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Synopsis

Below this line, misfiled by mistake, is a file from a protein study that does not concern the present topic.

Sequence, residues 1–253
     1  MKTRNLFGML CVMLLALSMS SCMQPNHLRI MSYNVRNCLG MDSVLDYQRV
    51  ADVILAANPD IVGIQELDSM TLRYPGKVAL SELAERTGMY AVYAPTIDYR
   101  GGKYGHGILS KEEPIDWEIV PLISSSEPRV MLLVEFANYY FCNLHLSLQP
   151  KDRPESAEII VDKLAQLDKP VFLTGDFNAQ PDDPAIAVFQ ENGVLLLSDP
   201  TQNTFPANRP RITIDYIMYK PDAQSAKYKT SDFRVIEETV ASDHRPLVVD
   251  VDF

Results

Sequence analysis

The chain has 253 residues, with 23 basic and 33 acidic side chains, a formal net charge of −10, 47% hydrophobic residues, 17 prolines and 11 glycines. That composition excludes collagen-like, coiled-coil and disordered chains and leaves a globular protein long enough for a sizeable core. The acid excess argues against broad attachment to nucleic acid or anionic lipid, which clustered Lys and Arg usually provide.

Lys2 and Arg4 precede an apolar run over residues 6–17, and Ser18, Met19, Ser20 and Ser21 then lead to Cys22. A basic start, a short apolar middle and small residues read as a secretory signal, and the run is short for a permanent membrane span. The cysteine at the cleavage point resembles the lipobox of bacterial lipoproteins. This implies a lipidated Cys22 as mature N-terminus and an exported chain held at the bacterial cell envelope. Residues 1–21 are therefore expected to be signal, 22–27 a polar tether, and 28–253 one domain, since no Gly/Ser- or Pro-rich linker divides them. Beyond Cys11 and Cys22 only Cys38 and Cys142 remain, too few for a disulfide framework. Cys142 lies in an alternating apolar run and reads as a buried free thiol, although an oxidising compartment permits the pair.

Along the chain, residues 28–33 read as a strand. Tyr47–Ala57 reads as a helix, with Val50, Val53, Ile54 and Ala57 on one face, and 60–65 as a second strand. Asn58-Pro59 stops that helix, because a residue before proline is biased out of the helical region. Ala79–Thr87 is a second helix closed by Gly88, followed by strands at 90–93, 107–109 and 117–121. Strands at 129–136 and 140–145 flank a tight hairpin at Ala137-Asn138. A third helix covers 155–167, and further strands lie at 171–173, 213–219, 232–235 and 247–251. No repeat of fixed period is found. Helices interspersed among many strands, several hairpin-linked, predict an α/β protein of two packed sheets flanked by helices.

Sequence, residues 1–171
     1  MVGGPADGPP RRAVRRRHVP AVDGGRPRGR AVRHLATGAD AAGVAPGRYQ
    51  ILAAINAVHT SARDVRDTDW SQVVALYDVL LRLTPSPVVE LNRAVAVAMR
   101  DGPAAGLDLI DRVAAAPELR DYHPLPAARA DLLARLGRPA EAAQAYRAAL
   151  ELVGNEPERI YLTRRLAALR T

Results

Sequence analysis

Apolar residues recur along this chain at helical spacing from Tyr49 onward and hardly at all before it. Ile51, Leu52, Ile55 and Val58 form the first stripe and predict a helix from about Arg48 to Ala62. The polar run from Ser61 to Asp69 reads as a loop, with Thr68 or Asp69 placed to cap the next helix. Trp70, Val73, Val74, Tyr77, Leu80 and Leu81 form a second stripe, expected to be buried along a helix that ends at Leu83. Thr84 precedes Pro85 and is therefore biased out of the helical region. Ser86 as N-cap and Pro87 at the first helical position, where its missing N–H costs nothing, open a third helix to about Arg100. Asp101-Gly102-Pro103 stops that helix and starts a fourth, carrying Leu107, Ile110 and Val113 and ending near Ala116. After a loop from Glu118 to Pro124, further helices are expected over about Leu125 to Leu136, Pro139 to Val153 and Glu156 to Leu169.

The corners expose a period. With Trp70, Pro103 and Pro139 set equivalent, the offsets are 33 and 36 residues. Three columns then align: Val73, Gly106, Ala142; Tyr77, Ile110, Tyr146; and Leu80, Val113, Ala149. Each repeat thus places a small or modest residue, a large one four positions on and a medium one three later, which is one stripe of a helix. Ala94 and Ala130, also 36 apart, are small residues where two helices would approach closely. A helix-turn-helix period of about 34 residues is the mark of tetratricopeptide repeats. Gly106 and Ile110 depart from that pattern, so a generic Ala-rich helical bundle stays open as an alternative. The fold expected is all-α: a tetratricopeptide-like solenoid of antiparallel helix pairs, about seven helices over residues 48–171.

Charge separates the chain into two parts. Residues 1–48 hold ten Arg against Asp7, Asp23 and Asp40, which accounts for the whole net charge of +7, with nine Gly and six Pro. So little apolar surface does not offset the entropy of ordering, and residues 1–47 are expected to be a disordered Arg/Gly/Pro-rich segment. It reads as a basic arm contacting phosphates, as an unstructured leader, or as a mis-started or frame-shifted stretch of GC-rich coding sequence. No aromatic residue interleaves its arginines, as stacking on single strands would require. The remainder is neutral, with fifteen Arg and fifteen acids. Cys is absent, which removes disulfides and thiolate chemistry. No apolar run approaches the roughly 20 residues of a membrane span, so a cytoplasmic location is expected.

Incidents in the Life of Slave Girl is considered a slave narrative as well as an example of feminist literature. Harriet Jacobs began composing Incidents in the Life of a Slave Girl while living and working at Idlewild, Willis's home on the Hudson River. Jacobs's autobiographical accounts were first published in serial form in the New York Tribune, a newspaper owned and edited by abolitionist Horace Greeley. Her reports of sexual abuse were considered too shocking for the average newspaper reader of the day, and the paper ceased publishing her account before its completion. The narrative was designed to appeal to middle class white Christian women in the North, focusing on the impact of slavery on women's chastity and sexual virtues. Christian women could perceive how slavery was a temptation to masculine lusts and vice as well as to womanly virtues. (Wikipedia)

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